Sunday, June 3, 2012

The best Sherlock of all may just be Sherlock Jr.

My blog should be temporarily renamed "Swimming in Silents". I have yet another silent film to rave about. (Though I suppose I should underscore why. It has to do with a family movie festival we've embarked on for the summer. We are working our way through classics -- best films, actors, directors, and genres -- enjoying as many great films as I can get my hands on starting 110 years ago with 1902's "A Trip to the Moon" and working our way forward in time.)

Last night's entry: Buster Keaton in "Sherlock Jr." from 1924. I do get tired trying to come up with new ways to say "this was shockingly great entertainment," because it's the sentiment I keep needing to express. "Sherlock Jr." is seriously, just really, really good. I can't wait to watch it again. The plot is sweet and clever and the artistic vision expressed is tight. A phenomenally well-made film for any era.

Although we didn't find it side-splittingly hilarious, like Harold Lloyd's "Safety Last!", this one was probably the better film for having an extremely well-developed idea which travelled with the film from start to finish, as well as enduring themes that are both charming and true. And it was funny. A delightfully complete film.

The story begins with our hapless hero, who works as a projectionist at the theater, daydreaming of being a great detective. He shows his mettle early on, when he finds a dollar in the pile of trash he's sweeping up. He gives the dollar to the lovely woman who comes looking for it (after asking her to "describe it"), then gives his own dollar to another person who has lost one, and finally digs energetically through the pile as a third man who comes looking finds a whole wallet in the trash.

At his girlfriend's house later, to which he has gone with chocolates and proposal, he is framed for the theft of her dad's watch and kicked out of the house. Returning to his job, he dozes off at the projection booth and dreams himself into the movie where he assumes the character of Sherlock Jr., the amazing detective brought in to solve a very similar crime of the stolen pearls. The scenes where his ghostlike sleepwalking self goes into the picture are phenomenal. Even by modern standards, they are evocative and clever; the camera tricks that allowed this and the subsequent scenes where the background keeps changing on him are fun to speculate about. These scenes are integral to showing us he doesn't really belong in that movie; he's an outsider living a fantasy. This movie within a movie allows us to explore themes of fantasy and the role of cinema magic that was taking such an important hold of people at this time and which clearly persist to this day.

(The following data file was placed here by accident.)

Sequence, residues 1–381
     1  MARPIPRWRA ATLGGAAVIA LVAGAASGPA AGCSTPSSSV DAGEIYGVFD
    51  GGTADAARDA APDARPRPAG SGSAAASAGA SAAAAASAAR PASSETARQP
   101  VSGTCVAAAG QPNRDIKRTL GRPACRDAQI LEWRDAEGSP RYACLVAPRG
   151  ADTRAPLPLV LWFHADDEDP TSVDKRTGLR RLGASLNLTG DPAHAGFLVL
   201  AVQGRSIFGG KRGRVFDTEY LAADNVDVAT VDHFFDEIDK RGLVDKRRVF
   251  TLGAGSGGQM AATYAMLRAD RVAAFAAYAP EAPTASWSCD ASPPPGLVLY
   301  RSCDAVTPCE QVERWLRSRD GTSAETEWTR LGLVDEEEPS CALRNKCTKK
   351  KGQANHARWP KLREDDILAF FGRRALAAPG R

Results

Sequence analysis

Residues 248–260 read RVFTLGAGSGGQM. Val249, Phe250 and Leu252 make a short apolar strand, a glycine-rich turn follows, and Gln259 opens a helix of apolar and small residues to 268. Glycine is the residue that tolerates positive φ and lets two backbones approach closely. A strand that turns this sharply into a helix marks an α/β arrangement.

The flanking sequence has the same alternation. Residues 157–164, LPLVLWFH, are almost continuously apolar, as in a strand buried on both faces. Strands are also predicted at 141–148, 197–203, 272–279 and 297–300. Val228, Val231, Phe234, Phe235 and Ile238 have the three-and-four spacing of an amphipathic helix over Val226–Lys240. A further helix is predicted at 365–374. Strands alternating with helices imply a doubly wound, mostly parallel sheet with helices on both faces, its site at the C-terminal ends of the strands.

With Keaton playing the regular downtrodden guy in one and the fabulously crafty detective in the other, he really gets an opportunity to show his charm and strengths as a performer. While Sherlock Jr. plows through the hills and streets in and around LA (on the handlebars of a driverless motorbike for a while), and while he plays pool skillfully avoiding the ball that has been rigged with explosives, the film moves a bit like James Bond; he has all the tricks and skills and saves the lady and finds the thieves. Though a lot funnier and more bumbling than Bond, Keaton here is truly as attractive and appealing a hero. The scenery is amazing. I wish I knew where this was filmed. (I smell an internet research project coming on).

The movie's spark comes from the very intelligent themes underlying it - I love the ending scenes where "the Boy" is taking his romantic cues from our leading man on screen and has a priceless look of confusion when the screen characters sit holding twins.

I couldn't possibly recommend this film more highly. Even to those, like me!, who do not consider themselves silent film fans, it is very watchable and entertaining. And moves as such a crisp perfect pace (at only 3/4 of an hour long) that it is hard to think of a reason not to.

No comments:

Post a Comment